For the first time in so long I found myself in the woods today. I spent time there so often in my youth. Camping, hunting (always with due respect of the prey). So many hours did I spend there, sometimes just walking to absorb, seemingly by osmosis, the glory of Utopian simplicity. The air I breathed then seemed somehow healthier and more valuable and ironically, for that reason, taken more for granted. My hearing was so much better then and every little rustling, every sonic interaction with the otherwise God-like silence the tableau offered was picked up and appreciated. The forest could be a glossary of paradoxes and contradictions that so pleasingly smote the senses. I remember thinking how the dampened mulch of leaves and loam could stink so good.
I wanted this all back today so I got my lazy old ass up and out and went for a walk into the verdant outback, literally, out back of the house where I have a rented second story flat. Only a few yards into Paradise all the memories of my youth fed by the senses, especially olfactory, came flooding tsunami-like and I was transported to simpler times and loving it. I walked until I could no longer see the house and for a few minutes more, then I stopped and listened. I found a fallen log and sat. I am deaf as a rock in my old age and God, jokester that he is, has seen fit to season that deafness with the harpy annoyance of tinnitus. Here in the sanctity of the Pennsylvania wildwood none of that mattered. There was quietude that in its wholeness seemed to banish even the cloying humming and ringing that usually accompanies my every waking moment. That all seemed a thing of the past as the unmistakable sound of a stream came babbling its way to me and I was reintroduced to a Tennyson verse that I’d not thought of for years:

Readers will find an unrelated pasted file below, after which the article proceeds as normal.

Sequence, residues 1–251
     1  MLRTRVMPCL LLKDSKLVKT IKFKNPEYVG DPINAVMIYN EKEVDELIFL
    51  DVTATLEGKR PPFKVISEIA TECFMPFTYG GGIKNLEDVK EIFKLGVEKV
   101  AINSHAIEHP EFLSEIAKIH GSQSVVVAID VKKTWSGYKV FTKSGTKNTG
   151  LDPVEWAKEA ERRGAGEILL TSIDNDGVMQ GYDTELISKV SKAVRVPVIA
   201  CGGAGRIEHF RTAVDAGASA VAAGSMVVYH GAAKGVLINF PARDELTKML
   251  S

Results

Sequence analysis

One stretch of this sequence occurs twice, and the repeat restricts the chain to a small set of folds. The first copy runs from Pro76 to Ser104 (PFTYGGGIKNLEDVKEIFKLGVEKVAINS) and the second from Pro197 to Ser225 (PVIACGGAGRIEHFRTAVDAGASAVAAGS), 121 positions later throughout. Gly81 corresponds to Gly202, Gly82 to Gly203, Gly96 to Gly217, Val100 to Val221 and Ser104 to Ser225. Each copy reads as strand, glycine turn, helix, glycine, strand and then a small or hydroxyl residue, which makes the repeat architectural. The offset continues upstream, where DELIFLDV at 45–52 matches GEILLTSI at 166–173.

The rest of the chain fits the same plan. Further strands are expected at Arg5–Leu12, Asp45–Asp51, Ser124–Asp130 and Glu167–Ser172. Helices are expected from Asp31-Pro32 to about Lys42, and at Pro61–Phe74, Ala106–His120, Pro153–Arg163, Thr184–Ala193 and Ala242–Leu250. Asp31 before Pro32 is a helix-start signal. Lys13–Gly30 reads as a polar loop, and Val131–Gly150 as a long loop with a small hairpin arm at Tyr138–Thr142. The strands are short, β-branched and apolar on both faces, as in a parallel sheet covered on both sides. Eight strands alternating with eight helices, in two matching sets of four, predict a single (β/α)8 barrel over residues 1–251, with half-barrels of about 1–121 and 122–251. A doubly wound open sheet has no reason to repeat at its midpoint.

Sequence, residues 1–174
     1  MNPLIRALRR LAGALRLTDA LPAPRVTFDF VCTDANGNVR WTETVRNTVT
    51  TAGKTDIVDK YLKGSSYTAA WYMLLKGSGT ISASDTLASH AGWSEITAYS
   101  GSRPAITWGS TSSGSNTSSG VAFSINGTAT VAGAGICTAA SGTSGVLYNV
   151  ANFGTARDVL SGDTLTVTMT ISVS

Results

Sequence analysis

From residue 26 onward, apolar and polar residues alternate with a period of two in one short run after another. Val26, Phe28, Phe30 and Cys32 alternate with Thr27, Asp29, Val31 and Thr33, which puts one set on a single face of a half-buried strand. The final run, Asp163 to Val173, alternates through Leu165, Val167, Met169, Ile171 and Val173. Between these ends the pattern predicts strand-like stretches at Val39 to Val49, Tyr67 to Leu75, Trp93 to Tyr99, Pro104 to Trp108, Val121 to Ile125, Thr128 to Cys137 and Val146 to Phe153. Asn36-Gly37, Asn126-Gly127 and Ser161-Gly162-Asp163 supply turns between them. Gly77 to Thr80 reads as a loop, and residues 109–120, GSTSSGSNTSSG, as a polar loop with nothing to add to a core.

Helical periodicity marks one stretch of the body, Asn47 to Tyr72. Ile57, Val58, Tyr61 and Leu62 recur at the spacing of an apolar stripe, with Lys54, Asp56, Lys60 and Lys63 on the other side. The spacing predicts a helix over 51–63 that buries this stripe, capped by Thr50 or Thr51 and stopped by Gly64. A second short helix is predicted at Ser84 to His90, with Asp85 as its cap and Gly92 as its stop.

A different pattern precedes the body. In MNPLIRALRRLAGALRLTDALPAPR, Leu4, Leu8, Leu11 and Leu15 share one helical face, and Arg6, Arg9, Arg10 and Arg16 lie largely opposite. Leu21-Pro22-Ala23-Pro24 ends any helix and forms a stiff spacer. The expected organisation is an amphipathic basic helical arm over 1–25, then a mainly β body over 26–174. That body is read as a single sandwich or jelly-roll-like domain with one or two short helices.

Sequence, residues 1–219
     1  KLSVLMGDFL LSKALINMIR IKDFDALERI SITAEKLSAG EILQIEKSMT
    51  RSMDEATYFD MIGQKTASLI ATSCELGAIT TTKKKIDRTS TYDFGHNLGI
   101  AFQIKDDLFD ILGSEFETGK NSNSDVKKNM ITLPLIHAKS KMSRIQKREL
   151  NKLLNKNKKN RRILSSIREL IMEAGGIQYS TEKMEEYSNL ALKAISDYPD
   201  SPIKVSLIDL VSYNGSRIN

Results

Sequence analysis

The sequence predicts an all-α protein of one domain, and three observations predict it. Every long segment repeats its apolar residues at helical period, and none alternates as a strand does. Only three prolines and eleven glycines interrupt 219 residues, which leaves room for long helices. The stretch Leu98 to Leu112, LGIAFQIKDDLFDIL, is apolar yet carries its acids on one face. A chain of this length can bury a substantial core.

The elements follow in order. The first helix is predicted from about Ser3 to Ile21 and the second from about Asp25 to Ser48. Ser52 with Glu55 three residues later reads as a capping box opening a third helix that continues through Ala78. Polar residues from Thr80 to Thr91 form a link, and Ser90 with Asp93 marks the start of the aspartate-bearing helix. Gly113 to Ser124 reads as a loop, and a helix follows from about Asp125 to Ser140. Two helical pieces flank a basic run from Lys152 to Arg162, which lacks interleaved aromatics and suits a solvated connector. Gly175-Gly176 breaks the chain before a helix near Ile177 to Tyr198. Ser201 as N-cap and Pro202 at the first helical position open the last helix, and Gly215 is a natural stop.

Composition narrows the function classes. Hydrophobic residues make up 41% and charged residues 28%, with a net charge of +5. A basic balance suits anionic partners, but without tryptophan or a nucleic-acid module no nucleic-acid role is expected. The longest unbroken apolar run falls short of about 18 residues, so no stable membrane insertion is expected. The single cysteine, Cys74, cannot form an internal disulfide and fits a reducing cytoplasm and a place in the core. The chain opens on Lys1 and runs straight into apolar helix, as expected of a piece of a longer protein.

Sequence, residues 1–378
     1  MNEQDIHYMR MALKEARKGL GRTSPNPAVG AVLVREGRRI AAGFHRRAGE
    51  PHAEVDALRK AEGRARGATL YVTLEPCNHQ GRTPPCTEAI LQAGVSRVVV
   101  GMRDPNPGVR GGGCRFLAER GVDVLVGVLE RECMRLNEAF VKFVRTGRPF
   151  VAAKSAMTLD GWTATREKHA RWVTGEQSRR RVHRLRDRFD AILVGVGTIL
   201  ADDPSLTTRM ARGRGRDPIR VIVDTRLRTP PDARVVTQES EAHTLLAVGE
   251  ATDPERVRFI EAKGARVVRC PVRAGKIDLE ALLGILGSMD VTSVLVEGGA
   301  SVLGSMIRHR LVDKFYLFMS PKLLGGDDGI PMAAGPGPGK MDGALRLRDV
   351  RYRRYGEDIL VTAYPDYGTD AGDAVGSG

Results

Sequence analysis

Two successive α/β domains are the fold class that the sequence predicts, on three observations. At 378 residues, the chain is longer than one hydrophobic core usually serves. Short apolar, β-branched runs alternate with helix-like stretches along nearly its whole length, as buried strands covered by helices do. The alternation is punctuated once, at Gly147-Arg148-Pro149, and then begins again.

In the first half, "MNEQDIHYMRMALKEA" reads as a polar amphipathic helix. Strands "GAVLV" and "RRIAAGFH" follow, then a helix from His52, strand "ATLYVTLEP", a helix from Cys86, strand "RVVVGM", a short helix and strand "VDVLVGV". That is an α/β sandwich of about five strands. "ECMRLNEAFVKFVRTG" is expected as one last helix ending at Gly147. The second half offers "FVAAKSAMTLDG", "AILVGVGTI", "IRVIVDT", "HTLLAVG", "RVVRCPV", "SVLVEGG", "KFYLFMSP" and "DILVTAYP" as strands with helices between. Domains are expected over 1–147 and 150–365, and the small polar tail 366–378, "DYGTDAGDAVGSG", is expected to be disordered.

“I chatter, chatter, as I flow,
To join the brimming river,
For men may come and men may go,
But I go on forever.”
That, coupled with the perfect temperature and conspicuous lack of the usual contingent of buzzing flies and gnats that so often plague an otherwise idyllic summer’s trek in the woods, was lulling and soothing me like no healer’s balm can.
My reverie was tickled awake by the subtle sound of something moving over my left shoulder and I cautiously cast my gaze in that direction, only to be rewarded by the sight of four doe and two fawns, just losing their spots, grazing calmly amidst the mountain laurel. The deer in our region are protected and consequently much less skittish and tamer than in unprotected areas. I have no doubt that they were aware of my presence for I was directly upwind from them, yet they continued their snacking as if I were as inconsequential as a slug. I was never so happy to reflect on myself as such and the day could not have been more perfect.
My unexpected company began slowly to move off in the direction of the brook that I could now smell with the sudden shift in the breeze. As they trickled silently into the lush underbrush I was starting to feel a pang of loss until the doe in the rear turned, met my eyes and held her gaze long enough to translate, “Come hither, pilgrim, and see where we lead you.” I stood obediently and began to follow through a patch of rhododendron to the edge of a slope at the bottom of which I observed the confluence of two merging streams. The air here was noticeably more moist and a bit cooler. Oh how I longed to be brook-side with my new friends and so began the trek down the slope.
We’d had a week of rain that had finally abated three days previous, but while the top layer of leaves on the forest floor was dry, the leaves beneath that were wet and chose that moment to introduce themselves by sending yours truly ass over head in a slippery tumble down the slope that culminated in torn pants and a pulled groin muscle.
Fuck the woods.
When you try to recapture elements of your youth,remember… “elements” is the operative word.